an increase in oil prices over the month as the market anticipates increased LNG supplies in 2016 (see this month’s
Hot Topic). A wave of new LNG projects, particularly from the United States and Australia, are forecast to push the
LNG market deeper into oversupply in the coming years on the expectation of a 44% increase in global liquefaction
capacity by 2020.
As reflected in the continued weakness in wholesale prices in early November, the market prices remain soft in the
short-term on the expectation of weak seasonal demand due to warmer weather in November and strong supply.
However, unforeseen events cannot be ruled out especially given the dependence in the UK and Ireland on imported
gas that are sensitive to events anywhere from Japan to the US that can trigger supply disruption.
*Index adjusted for currency movements.
Data Source: Spectron Group
Natural Gas Index
6. Bord Gáis Energy Index
• Month-on-month there was a modest rise in European coal prices
• Concerns over reduced Russian supplies and elevated buying interest supported European coal prices in
With little volatility, the ICE Rotterdam Monthly Coal Futures Contract rose modestly in price from the record lows
during September to close at US$52.45/mt on October 30. This represents a US$1.05/mt gain month-on-month.
During the month prices received a boost on concerns that spot Russian availability in northern Europe might be
tighter than expected. It was reported that the monthly coal futures price received support due to the lack of Russian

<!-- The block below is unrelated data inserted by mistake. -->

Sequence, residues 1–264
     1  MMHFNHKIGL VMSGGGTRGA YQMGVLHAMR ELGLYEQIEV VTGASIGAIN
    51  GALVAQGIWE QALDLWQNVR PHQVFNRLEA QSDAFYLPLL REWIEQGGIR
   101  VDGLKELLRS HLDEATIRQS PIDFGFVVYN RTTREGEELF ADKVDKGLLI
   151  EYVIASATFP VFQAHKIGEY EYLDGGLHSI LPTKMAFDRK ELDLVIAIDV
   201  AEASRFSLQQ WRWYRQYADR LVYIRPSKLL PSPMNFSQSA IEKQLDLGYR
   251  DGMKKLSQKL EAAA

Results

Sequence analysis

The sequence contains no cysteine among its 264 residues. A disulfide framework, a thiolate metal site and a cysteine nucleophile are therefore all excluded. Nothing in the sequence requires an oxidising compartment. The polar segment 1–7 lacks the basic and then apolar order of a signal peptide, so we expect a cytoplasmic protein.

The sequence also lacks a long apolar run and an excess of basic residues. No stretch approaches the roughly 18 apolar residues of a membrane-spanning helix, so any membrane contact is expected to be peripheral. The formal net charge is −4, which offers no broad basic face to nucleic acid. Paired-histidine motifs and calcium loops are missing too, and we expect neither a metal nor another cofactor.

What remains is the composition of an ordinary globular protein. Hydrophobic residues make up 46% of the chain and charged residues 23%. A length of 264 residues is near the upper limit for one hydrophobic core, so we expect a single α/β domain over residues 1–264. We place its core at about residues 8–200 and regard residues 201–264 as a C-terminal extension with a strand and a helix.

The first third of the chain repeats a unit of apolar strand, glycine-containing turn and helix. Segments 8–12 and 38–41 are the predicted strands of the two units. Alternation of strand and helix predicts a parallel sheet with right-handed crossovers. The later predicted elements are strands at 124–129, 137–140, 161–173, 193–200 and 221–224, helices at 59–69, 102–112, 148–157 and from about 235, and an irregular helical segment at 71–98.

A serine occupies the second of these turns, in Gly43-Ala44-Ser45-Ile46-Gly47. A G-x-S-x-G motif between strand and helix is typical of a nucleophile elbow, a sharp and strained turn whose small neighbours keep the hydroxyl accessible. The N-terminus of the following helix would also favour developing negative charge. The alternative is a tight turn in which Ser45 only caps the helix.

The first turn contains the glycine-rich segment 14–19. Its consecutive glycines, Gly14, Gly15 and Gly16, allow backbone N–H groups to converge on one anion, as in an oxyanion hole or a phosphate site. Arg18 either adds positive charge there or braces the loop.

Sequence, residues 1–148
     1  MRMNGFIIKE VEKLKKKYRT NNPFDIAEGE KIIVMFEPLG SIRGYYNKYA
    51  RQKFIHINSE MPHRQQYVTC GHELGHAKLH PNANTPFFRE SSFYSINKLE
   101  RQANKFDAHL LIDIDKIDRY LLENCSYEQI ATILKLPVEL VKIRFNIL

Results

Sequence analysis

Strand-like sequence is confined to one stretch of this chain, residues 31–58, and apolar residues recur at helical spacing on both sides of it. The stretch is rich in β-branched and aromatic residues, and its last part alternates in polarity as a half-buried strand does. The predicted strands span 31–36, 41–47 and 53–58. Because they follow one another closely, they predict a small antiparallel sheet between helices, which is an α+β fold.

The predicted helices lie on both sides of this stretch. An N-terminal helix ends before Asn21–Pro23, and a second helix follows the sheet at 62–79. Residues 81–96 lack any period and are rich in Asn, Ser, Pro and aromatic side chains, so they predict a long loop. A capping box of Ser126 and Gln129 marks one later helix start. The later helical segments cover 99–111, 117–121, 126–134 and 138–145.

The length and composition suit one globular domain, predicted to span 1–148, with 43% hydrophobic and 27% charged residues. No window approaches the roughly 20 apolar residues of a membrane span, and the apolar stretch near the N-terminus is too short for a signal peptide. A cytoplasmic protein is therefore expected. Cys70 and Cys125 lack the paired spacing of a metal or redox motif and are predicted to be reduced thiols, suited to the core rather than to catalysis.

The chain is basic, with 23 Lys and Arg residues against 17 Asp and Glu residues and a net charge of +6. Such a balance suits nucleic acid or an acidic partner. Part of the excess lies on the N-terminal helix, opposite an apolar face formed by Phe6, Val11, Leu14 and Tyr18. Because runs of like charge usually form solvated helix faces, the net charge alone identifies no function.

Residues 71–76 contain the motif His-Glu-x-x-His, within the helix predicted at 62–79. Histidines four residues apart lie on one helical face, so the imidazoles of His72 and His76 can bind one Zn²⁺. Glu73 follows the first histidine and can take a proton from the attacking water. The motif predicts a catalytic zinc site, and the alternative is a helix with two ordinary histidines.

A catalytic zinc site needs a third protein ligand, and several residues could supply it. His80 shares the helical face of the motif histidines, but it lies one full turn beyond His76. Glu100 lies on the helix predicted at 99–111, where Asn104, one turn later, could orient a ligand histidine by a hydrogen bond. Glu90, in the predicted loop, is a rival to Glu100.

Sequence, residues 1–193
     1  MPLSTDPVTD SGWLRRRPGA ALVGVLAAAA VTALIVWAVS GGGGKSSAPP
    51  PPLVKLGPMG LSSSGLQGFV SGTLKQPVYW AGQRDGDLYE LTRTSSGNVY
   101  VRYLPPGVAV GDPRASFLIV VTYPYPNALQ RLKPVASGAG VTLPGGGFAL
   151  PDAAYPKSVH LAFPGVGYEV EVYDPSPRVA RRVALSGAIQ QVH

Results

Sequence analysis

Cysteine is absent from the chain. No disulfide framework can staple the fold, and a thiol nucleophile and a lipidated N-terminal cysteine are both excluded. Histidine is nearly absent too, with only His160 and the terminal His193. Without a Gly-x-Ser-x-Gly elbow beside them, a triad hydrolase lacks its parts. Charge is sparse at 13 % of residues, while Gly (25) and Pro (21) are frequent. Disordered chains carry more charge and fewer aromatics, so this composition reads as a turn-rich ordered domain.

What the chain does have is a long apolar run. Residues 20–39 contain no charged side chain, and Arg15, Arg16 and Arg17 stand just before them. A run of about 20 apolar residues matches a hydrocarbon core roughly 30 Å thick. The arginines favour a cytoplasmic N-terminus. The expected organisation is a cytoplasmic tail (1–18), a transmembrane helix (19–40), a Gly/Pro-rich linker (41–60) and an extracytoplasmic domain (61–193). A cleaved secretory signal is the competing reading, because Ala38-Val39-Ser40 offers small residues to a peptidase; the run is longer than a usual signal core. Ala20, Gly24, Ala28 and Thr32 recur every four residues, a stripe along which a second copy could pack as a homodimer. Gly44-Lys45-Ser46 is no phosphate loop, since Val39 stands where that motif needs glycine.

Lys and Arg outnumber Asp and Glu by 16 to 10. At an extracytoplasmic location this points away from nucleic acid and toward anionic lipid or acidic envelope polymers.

coal availability and the rebound of the general energy commodity complex in early October (the front month Brent
crude oil price recorded an intra-month closing high of US$53.05 on October 8) rather than an ongoing mine workers’
strike in South Africa (the market is not reportedly concerned about the strike affecting the export market, as stocks
at Richards Bay Coal Terminal remained high and there were expectations that the industrial action would be resolved
It was reported that Russian coal rail volumes transported to Latvian ports had dropped by around 30%. However,
prices did not rally on these concerns as European coal hubs are receiving more US coal and even some Colombian
coal cargoes are available for the first quarter of 2016. In addition traders are saying that there was more than enough
coal supply in the Amsterdam-Rotterdam-Antwerp trading hub to go around, with about 1 million mt of South African
coal heading to Rotterdam in the next few months. Toward the end of the month, buying pressure at the very front
of the CIF ARA curve continued to push up nearby November and December European thermal coal futures. The
support is reportedly due to some European utilities being short of spot physical coal.
The outlook for European coal prices is to remain around the US$50/mt given that the market is long and there is no
producing country that shows any major issues. However, it is not long enough that a supply problem could not turn
it tense, such as with a strong winter in Europe, a prolonged rainy season in Colombia, or an extended miners’ strike
in South Africa.
*Index adjusted for currency movements.
Data Source: ICE
7. Bord Gáis Energy Index
• Irish wholesale prices rose slightly month-on-month with demand starting to edge towards more typical winter